Assad Will At Last Let In Aid For Earthquake Victims

It’s a sign of Bashar Assad’s deep cruelty toward his political enemies that for more than a week he refused to allow in aid to earthquake victims in Syria’s northwest, because that is where the opponents to his rule still are in control. He’d just as soon see the people opposed to him left without succor, rather than allow aid in to help them survive. It’s too late to find any more Syrians alive under the rubble, but it’s not too late to allow in blankets, tents, medicine, food, and other humanitarian aid to keep those who survived the earthquake to stay alive. And at last Assad, prodded by the UAE, has decided to let that aid in. More on this volte-face can be found here: “Exclusive: Assad approved Syria quake aid with a UAE nudge, sources say,” by Laila Bassam, Ghaida Ghantous, Maya Gebeily and Tom Perry, Reuters, February 23, 2023:

President Bashar al-Assad ceded to calls for more aid access to Syria’s northwest with prodding from the United Arab Emirates, sources say, a diplomatic win for the Gulf state which has rebuilt ties with Damascus despite US disapproval….

The UAE recently renewed ties with Syria, even inviting Assad to visit Abu Dhabi. It did so for two reasons. First, the UAE’s leaders have recognized reality – Assad has won his civil war, even if pockets of resistance to his rule can still be found in Idlib Province. Second, the UAE, and other Arab states following the UAE’s lead, are starting to make overtures to Damascus. Having cut relations with Syria when the civil war began, they are now ready to renew them, in an attempt to bring him back into the Arab fold, and to pull him away from the orbit of the Sunni Arabs’ mortal enemy, Iran.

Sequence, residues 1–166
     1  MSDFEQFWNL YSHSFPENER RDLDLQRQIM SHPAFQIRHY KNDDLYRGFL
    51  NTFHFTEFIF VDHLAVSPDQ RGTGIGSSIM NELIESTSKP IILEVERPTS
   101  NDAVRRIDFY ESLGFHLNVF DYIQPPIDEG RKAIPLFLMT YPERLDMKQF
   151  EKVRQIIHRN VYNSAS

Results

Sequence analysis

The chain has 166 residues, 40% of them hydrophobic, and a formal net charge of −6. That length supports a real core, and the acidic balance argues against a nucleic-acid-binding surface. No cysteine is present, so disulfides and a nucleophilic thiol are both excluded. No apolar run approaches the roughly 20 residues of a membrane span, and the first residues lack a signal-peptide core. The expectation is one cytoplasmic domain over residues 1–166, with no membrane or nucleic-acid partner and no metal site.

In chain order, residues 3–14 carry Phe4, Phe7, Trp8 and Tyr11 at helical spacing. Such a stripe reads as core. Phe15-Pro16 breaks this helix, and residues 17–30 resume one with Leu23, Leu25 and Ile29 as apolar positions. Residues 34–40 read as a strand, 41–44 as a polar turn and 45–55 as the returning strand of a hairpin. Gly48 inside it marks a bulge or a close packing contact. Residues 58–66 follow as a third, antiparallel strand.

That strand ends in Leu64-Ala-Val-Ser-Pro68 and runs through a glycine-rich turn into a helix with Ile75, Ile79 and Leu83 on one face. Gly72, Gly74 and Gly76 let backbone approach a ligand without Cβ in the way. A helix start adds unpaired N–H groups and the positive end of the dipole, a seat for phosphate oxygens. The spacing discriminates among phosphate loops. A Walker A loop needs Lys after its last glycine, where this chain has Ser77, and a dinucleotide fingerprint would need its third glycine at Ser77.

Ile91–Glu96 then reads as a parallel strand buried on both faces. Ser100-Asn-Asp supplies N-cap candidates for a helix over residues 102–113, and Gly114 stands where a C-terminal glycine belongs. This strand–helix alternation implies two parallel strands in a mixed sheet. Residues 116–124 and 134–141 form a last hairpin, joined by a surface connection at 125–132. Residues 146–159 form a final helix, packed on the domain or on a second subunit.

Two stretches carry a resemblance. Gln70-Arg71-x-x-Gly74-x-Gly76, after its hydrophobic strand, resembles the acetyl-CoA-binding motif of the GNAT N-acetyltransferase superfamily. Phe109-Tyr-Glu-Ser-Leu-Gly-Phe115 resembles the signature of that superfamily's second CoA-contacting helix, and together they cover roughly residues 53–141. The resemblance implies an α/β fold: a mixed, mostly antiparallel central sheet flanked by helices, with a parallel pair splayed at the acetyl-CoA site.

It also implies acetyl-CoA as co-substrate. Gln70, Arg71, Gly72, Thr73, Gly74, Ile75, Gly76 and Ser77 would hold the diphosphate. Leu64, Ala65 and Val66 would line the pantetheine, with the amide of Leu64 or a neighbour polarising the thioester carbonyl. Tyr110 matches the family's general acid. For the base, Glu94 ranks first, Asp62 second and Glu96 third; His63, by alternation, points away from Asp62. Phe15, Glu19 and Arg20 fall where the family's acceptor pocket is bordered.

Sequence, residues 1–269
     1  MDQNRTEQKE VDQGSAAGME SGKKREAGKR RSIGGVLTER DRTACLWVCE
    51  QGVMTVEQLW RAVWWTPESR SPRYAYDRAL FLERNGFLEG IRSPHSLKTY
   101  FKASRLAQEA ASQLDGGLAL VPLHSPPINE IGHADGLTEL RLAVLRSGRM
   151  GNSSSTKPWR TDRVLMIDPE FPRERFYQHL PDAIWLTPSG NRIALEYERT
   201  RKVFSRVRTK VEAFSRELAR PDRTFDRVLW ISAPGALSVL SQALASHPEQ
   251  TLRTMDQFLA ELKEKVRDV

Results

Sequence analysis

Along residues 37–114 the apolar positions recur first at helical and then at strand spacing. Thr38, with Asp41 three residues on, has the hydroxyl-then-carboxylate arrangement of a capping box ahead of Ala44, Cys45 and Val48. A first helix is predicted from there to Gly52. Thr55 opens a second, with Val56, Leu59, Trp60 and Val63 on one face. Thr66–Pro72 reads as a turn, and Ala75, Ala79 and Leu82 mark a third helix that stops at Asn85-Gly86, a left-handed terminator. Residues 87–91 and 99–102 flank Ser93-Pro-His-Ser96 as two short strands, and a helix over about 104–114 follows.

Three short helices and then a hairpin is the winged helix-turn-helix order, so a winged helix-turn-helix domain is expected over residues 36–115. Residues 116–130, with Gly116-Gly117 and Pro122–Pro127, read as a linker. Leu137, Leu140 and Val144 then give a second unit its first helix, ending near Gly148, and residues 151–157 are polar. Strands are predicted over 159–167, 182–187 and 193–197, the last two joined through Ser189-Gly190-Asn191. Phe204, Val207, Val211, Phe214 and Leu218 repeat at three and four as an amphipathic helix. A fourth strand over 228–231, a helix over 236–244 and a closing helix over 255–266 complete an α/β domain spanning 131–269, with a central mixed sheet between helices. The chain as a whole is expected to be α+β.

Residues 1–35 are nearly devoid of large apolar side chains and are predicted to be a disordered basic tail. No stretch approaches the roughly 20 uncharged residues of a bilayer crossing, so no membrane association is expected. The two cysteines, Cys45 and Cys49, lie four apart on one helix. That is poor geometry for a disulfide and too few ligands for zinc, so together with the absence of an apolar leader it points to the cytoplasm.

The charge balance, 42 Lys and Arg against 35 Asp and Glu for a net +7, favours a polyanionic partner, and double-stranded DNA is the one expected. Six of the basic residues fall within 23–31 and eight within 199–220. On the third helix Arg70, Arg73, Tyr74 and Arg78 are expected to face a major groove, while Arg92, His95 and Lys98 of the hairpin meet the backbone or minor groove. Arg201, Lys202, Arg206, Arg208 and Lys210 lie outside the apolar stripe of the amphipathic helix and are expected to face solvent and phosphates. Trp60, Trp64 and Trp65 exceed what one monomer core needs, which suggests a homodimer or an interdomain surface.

The UAE’s role in persuading Assad, described by four sources in the region, suggests it has started to carve out a degree of sway in Damascus, even if Russia and Shi’ite Iran remain the dominant foreign players there….

But Assad, having — mostly — won his war, no longer has as much need of the Russian and Iranian military aid that once proved so critical to his regime’s survival. What he needs now is hundreds of billions of dollars in aid to help rebuild his devastated country. Some say it will take $400 billion to put Syria back in the condition it was in in 2011, just before the civil war broke out. Neither Russia nor Iran is in any condition to provide financial aid to Syria. But the rich Sunni states of the Gulf – especially the UAE, Saudi Arabia, Kuwait, and Qatar – do have that kind of money, and if Syria responds to their overtures, their aid, while it won’t make Syria whole, could make a big difference. But they won’t be forthcoming unless Assad makes a clean break with Tehran.

The senior source familiar with Syrian government thinking said that the UAE role in persuading Assad should not be underestimated.

The role of the UAE was absolutely critical in persuading Assad to change his mind about letting in aid. Assad reversed course just as soon as the UAE’s Sheik Abdullah spoke to him about the need for humanitarian aid to be delivered to northwestern Syria without further delay. The day after Assad spoke to Sheikh Abdullah, he informed Martin Griffiths, the UN aid chief, that the aid could now come in. Griffiths then told the world.

A Syrian source close to the Gulf said the UAE had used its “soft power” on Assad and a Turkish official also said the UAE had played a part in persuading him….

“Soft power”? It was, of course, “all about the Benjamins.” Does that count as “soft power”? Isn’t money — its absence or its presence — just as “hard” a weapon as tanks and planes? Assad knows that he’ll need the deep-pocketed UAE, and the other Sunni Arab states of the Gulf, to help rebuild his devastated country, still under the rubble which more than a decade of savage civil war has produced.